Angela Oppelt and colleagues identify novel lipid regulator of cell migration

A. Oppelt
A. Oppelt

Because metastasis involves migration of cancer cells, there is great interest in cancer biology to identify mechanisms that regulate cell migration. In a recent issue of EMBO Reports (published on-line 16 Nov), PhD student Angela Oppelt (photo) and her colleagues in Jørgen Wesche's project group at the Institute for Cancer Research present a novel regulator of cell migration. The novel regulator is a lipid, PI5P (phosphatidylinositol 5-phosphate), which is generated from the common phospholipid, phosphatidylinositol, through a 3-step reaction catalyzed by the consecutive actions of the enzymes VPS34, PIKfyve and MTMR3.

The paper has already attracted considerable attention, and it is now (Dec 3rd) ranked as number one on the top-ten list of downloaded papers at EMBO Reports.

Interestingly, Oppelt and co-workers identified all these enzymes as regulators of cell migration, and when their function is impaired, cellS migrate at a slower rate. Conversely, if cellular levels of PI5P are artificially enhanced, cell migration is speeded up. The authors also showed that fibroblast growth factor, which is known to stimulate cell migration, causes a significant increase in cellular PI5P levels.

What is the role of PI5P in cell migration? Oppelt and co-workers found evidence that this lipid controls (unknown) proteins that promote remodelling of actin filaments, a prerequisite for cell migration.

Given the interest for targeting cell migration in anti-metastatic therapy, the paper from Oppelt and co-workers has already attracted considerable attention, and it is already ranked as number one on the top-ten list of downloaded papers at EMBO Reports.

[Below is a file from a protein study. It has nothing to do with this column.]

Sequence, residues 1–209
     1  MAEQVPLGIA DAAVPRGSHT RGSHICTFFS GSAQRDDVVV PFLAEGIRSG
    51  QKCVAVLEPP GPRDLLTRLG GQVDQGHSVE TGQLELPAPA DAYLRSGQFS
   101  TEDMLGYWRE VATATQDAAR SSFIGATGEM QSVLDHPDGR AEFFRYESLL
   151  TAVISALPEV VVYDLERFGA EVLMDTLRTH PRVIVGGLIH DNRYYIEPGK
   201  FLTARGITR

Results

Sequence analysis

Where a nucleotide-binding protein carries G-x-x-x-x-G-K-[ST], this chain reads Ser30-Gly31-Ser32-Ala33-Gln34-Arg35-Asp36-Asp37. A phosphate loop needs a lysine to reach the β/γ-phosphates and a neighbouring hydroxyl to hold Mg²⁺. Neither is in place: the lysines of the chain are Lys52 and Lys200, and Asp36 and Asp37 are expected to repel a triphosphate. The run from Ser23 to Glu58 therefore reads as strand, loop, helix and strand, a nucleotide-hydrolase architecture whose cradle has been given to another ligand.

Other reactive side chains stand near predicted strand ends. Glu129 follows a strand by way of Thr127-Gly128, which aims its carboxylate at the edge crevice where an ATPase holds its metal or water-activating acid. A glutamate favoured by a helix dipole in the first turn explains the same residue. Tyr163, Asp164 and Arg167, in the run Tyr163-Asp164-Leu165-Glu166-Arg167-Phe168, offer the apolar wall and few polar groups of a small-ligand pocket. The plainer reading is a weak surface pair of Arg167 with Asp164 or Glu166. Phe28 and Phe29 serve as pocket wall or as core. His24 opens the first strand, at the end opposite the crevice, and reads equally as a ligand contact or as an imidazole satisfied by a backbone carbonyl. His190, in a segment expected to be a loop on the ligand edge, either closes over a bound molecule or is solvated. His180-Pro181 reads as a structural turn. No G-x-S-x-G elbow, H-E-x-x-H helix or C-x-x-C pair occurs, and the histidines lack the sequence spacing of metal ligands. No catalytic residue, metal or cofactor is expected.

Schematic representation of pathways for PI5P synthesis. First, PI3P is made through the action of the PI3K class III, with its catalytic subunit VPS34, on phosphatidylinositol (PtdIns). Then, PI3P is further phosphorylated by PIKfyve resulting in the generation of PI(3,5)P2. Through the following dephosphorylation by the MTMR3 phosphatase, PI5P is finally generated, which has been shown to be important for cell migration.
Schematic representation of pathways for PI5P synthesis. First, PI3P is made through the action of the PI3K class III, with its catalytic subunit VPS34, on phosphatidylinositol (PtdIns). Then, PI3P is further phosphorylated by PIKfyve resulting in the generation of PI(3,5)P2. Through the following dephosphorylation by the MTMR3 phosphatase, PI5P is finally generated, which has been shown to be important for cell migration.

Links:

Production of phosphatidylinositol 5-phosphate via PIKfyve and MTMR3 regulates cell migration.
Oppelt A, Lobert VH, Haglund K, Mackey AM, Rameh LE, Liestøl K, Oliver Schink K, Marie Pedersen N, Wenzel EM, Haugsten EM, Brech A, Erik Rusten T, Stenmark H, Wesche J.
EMBO Rep. 2012 Nov 16. doi: 10.1038/embor.2012.183. [Epub ahead of print] Download PDF

Top-ten list of downloaded papers at EMBO Reports

Home page of Jørgen Wesche's project group - Cancer cell migration and metastasis

Department of Biochemistry

Institute for Cancer Research

 
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